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One of my friends has a relatively new Samsung smartphone. He has this app that notifies him whenever the charging is up to 80%, and tells him to unplug the charger.

He tells me that it will increase the number of charging cycles for his battery. He says that if he lets it charge all the way up to 100%, it will mean he has to replace the battery of the phone more often.

Is this true?

Somehow, I feel this is a thing of the past. I thought the internal architecture of batteries these days was made so that it wouldn't drop too low or too high. (In other words, when the phone is at 100%, it isn't really 100%. It's what the battery can safely be charged to in order not to degenerate too much.)

Here's a related answer which taught me something about this.

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In the comments to linked answer, it was brought out that batteries are not allowed to stay at 100% charge since it is harmful to the battery and the battery % rapidly drops to around 90% as explained in this XDA post. This is a precaution implemented by OEMs ( though not sure if all OEM's do that)

Related to this is battery longevity on terms of Voltage per cell

Source: How to Prolong Lithium-based Batteries

Most Li-ions charge to 4.20V/cell, and every reduction in peak charge voltage of 0.10V/cell is said to double the cycle life.... In terms of longevity, the optimal charge voltage is 3.92V/cell. Battery experts believe that this threshold eliminates all voltage-related stresses;

enter image description here

This voltage as per Table 4 ( above ) corresponds to battery charge level at 58 ℅ . This is clearly impractical and the recommendation of your friend to charge to 80%, more than doubles the discharge cycles .

This was on the charging part. Table 2 shows another interesting aspect discharging and it's impact on battery life

enter image description here

IMO , if one badly wanted to maximise battery life, ideally, keeping practical usage in mind - charge when the battery drops to 50% and stop charging at 80 or 90%

Thanks to Dmitry in comments who says and subsequently made an interesting point in his answer for the end user is number of charge cycles*capacity at full charge: that's how long a battery will last for a given usage pattern


Edit: For rooted devices, there is an app on XDA which disconnects charging at a given percentage. This is now open source. Approach followed appears to be similar to my solution here Automatically limit (stop) battery charging at a given percentage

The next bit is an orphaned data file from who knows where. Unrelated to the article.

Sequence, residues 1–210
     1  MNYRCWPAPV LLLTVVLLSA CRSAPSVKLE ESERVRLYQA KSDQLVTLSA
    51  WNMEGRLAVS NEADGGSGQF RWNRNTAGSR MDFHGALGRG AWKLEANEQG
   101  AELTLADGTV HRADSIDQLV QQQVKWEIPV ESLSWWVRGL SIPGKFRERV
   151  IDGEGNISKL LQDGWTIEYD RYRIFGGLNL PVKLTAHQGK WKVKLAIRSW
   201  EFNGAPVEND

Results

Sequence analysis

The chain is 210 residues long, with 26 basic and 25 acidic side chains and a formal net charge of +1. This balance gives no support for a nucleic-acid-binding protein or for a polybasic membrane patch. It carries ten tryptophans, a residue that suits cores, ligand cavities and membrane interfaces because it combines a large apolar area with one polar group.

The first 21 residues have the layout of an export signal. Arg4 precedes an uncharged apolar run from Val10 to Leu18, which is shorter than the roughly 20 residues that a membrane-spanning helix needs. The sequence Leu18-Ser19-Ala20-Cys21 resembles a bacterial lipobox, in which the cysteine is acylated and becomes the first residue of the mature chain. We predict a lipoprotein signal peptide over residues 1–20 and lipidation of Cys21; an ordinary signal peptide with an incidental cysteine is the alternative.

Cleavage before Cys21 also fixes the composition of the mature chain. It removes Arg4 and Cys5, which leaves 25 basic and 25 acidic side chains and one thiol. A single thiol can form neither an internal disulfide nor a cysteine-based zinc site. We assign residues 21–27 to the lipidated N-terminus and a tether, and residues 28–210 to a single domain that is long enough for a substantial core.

Edit 2: Discovered this magisk module which does the same bit going by the description it is better than module listed above. Not tested either of them as I am using own solution

Edit 3 This theory is disputed by some and not decisively concluded one way or other. I believe it to be valid. Adding this to be objectively clear

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A good metric of battery life is the total energy it provides during its lifetime, which is number of charge cycles*capacity at full charge. If your phone uses X Joules a year and the battery is able to provide Y Joules over it's lifetime, it will last Y/X years.

Taking the data from Battery University, I came up with a following table showing the effect of the charge voltage, V on the number of change cycles, N, energy per cycle E (in %) and the total energy N*E:

enter image description here

Here, E*N represents the number of equivalent charge cycles of nominal (100%) capacity. As the charge level rises, there's a small increase in capacity, but it's dwarfed by a huge drop in charge cycles. For 62.5% charge (3.9V), the battery can produce an energy equivalent of 2000 100%-discharge cycles, 5 times as much compared to full charge. Here's a plot of the table above, for illustration:

enter image description here

It should be noted that this is not an original research uncovering a conspiracy of phone manufacturers. Cellphones simply are not expected to last more than a few years, and 400 cycles is plenty for that purpose. Batteries which have to last longer (e.g. in space probes) are using cycles with 30-50% depth of discharge.

Whether charging your phone to 60% of its capacity makes sense is debatable. If your phone has a small battery and needs to be charged every day, you simply don't have some 40% of capacity to spare, and having to charge twice a day is not practical. On the other hand, I have one of those Energizer-branded phones with a beefy battery, and charging it twice a week instead of once a week is totally viable.

Of course, there are other causes of battery ageing and failure than charge/discharge cycles, so the net impact on battery life will probably be smaller than this data predicts. Plus, cellphone charge controllers are designed to work with 100% discharge capacity and may work incorrectly if they hardly ever see the battery charged to 100% or discharged to 0%.

  • Thanks +1. I mentioned this in passing in one of my answers elsewhere but did not do this math. Glad you filled that gap :-) – beeshyams Nov 26 '18 at 10:36
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It is true, as long as we're talking Lithium Ion-batteries.

Rules:

  1. The smaller charge, the more longevity.
  2. The more shallow the discharge, the more longevity

I've read the best for maximum longevity would be to charge to 75% and never let it discharge below 65%. That is impractical, however, as it kills your mobility. What i do is to try to charge to a maximum of 85% and never discharge further than 20%. Feels good to me.

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